Security and disarmament

SGR produces a range of resources on the issue of 'security and disarmament'. This covers military technologies, arms control and disarmament (esp. nuclear weapons and other weapons of mass destruction, ‘Missile Defense’, conventional weapons) - as well as alternative concepts of security, peace building and conflict prevention.

Scientists and engineers have a central role in the development of weapons and therefore share a special responsibilty to society. SGR's project work has investigated the extensive influence that the military has over science and technology.

Results 41 - 50 of 54

Iran is under scrutiny: Western governments claim its nascent nuclear power programme masks plans for nuclear weapons development. Frank Barnaby, Oxford Research Group, assesses the validity of the West’s claims and argues that use of military force against Iran’s nuclear programme will only make matters worse.

Article from SGR Newletter, no. 34, summer 2007
 

The SGR report ‘Soldiers in the Laboratory’ prompted Steve Wright, Leeds Metropolitan University, to consider the real-life legacy of military involvement in science and engineering. Here he describes an eye-opening trip that showed him just what that means.

Article in SGR Newsletter no. 34, summer 2007
 

Chris Langley describes how military interests have become pervasive in robotic science and engineering and outlines the ethical problems this causes.

Article from SGR Newsletter no. 33, winter 2007
 

John Sloboda, Oxford Research Group, argues that our governments’ obsession with terrorism is stopping us from tackling the underlying causes of global insecurity.

Article from SGR Newsletter no. 33, winter 2007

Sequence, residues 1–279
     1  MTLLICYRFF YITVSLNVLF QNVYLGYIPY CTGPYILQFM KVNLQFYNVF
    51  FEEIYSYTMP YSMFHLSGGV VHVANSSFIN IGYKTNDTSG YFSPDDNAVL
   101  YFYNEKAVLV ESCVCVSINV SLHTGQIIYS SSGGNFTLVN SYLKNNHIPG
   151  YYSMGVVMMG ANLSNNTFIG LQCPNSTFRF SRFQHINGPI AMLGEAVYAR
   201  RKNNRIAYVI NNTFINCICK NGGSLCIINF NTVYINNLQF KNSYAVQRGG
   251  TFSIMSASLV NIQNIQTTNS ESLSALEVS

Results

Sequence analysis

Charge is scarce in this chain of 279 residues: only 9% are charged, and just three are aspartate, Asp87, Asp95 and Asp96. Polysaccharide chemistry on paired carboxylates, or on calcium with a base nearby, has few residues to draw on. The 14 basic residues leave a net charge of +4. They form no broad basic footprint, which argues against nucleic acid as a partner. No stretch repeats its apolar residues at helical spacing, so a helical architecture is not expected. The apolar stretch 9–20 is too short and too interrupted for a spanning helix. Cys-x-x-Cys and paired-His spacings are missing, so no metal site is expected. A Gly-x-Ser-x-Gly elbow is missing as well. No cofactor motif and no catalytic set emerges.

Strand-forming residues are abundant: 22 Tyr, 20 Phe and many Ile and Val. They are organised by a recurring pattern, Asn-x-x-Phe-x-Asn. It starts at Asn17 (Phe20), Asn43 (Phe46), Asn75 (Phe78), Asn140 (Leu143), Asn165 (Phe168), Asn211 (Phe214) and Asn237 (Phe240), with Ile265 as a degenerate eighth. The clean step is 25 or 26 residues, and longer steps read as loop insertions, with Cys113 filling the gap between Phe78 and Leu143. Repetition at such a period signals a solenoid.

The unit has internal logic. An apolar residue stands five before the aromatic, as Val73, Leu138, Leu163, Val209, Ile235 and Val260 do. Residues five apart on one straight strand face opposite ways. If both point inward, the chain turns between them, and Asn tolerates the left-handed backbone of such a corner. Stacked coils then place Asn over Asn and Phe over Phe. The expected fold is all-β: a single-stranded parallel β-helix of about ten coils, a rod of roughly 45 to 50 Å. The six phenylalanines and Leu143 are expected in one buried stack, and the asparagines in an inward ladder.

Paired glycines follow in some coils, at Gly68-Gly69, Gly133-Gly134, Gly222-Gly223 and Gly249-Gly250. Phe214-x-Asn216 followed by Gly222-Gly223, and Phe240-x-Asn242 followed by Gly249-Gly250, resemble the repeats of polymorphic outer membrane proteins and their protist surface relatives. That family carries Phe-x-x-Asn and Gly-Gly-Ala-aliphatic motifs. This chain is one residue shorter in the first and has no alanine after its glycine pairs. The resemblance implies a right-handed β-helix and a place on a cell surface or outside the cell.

Philip Webber and Stuart Parkinson summarise the recent developments surrounding nuclear weapons and nuclear power in the UK.

Article from SGR Newsletter no. 32, June 2006
 

Dave Webb, Leeds Metropolitan University, argues that the huge imbalance between the resources available to the military and those devoted to meeting basic human needs urgently has to change. As an illustration of the misdirection of scientific and technological effort, he discusses some of the latest military technologies such as space weapons.

Article from SGR Newsletter no. 32, June 2006
 

Alan Cottey, University of East Anglia, recommends a new look at Niels Bohr’s early ideas concerning openness on nuclear issues as a path to international confidence and a new world order.

Article from SGR Newsletter no. 32, June 2006
 

Steve Wright, Leeds Metropolitan University, outlines the recently introduced European Union controls on torture equipment and assesses whether they are adequate to control current developments in military technology.

Article from SGR Newsletter no. 31, December 2005
 

Dominick Jenkins argues that more scientists and engineers need to get active to help stop the UK government undermining attempts at nuclear disarmament.

Article from SGR Newsletter no. 31, December 2005
 

In this article based on his presentation to the SGR conference, John Finney, University College London, argues that a decision should be made now not to replace the UK’s Trident nuclear weapons.

Article from SGR Newsletter 28, November 2003